Robert Maynard Hutchins was the third son born on January 17, 1899 to a Presbyterian minister. HI grandfather was also a preacher but this would not be the path in life that Hutchins would choose. Born in Brooklyn, New York, his family moved to Ohio when he was eight years old. It was in Oberlin Ohio where Robert would go to school; at first the Academy and then the Oberlin College. Timing is crucial in life, and it was when Robert turned 18 years old the United States would enter World War One. Robert and his brother William joined the ambulatory services branch of the Army. He was briefly deployed to Italy but much of his time was spent in Oberlin at a fair grounds creating and constructing barracks. After the war he was granted a medal of honor from Italy (Britannica).
When Hutchins returned from war he began attending school at Yale University. It was here where Hutchins realized that there could be more than one way of thinking. The attitude and thought process of the students of Yale different tremendously from that at Oberlin College. The students challenged prohibition and set the atmosphere of the school. After graduation he enrolled at the Yale School of Law. It was there that Robert felt his true educational experience began.
After graduation he married and eventually had three sons. It was during this time that he taught high school for a year before returning to Yale as an employee instead of a student. The overwhelming attitude of the students was that of Legal Realism; the focus on judicial application based on the good of the community vs. the technical application of the law. This was a new but embraced concept for Robert Hutchins and when he strove to promote it. In his effort to quay the controversy that surrounded the philosophy, Hutchins taught classes such as physiology, sociology, and logic to attempt to amalgamate or partner them with law. His most profound donation to the to Yale was his convincing of the Rockefeller Foundation to fund a partnership between the social sciences, law, and medicine with the creating of the Institute of Human Relationships (Ashmore pg 16).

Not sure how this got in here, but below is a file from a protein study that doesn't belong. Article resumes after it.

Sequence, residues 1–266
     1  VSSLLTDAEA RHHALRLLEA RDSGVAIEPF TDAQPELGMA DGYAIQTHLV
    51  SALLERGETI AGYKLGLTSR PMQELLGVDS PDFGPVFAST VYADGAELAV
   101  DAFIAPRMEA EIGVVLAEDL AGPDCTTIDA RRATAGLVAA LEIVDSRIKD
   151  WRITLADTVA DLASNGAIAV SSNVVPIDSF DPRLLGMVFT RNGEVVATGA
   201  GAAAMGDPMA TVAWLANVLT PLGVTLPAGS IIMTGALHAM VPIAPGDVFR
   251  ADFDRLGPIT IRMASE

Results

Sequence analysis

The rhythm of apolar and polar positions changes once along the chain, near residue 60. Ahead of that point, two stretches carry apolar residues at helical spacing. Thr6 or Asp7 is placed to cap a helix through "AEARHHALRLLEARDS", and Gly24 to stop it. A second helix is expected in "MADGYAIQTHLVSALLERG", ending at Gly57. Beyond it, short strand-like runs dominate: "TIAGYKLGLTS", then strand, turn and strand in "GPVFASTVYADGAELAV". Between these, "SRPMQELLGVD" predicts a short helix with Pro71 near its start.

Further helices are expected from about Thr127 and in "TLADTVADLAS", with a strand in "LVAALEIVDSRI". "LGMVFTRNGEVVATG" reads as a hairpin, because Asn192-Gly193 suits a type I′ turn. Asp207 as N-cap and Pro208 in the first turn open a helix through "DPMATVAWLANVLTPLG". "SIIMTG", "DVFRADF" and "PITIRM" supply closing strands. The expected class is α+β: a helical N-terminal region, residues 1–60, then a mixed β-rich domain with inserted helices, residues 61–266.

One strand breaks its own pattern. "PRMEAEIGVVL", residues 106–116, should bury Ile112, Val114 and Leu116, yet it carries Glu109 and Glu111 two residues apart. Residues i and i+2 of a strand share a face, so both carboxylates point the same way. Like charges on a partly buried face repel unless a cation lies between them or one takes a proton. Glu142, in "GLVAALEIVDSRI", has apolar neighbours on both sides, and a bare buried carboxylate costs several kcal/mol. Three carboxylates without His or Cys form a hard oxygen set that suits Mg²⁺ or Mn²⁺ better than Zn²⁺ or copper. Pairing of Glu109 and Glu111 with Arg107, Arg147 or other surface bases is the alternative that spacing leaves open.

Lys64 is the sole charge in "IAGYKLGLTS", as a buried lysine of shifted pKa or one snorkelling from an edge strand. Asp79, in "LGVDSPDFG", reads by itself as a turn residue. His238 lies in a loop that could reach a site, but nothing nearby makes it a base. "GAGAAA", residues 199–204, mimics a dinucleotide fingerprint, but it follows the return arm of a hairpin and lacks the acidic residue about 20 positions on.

After leaving Yale, Hutchins, at 30 became the President of the University of Chicago. He remained employed there for over 20 years. It was during his tenure at Chicago that his philosophy of education blossomed into the beginnings of what Perennialism is today. He was considered a controversial administrator for not only encouraging the students to pursue a liberal education, but he also did away with the football program. He felt that success in education could be measured by a standardized comprehensive test and not how much classroom time a student had. This practice of testing out of lecture was not a common one but served to introduce the concept of subject matter knowledge as the emphasis of education. The football program was one of the nonacademic interests of colleges that Hutchins argued should not be part of the high learning process. He...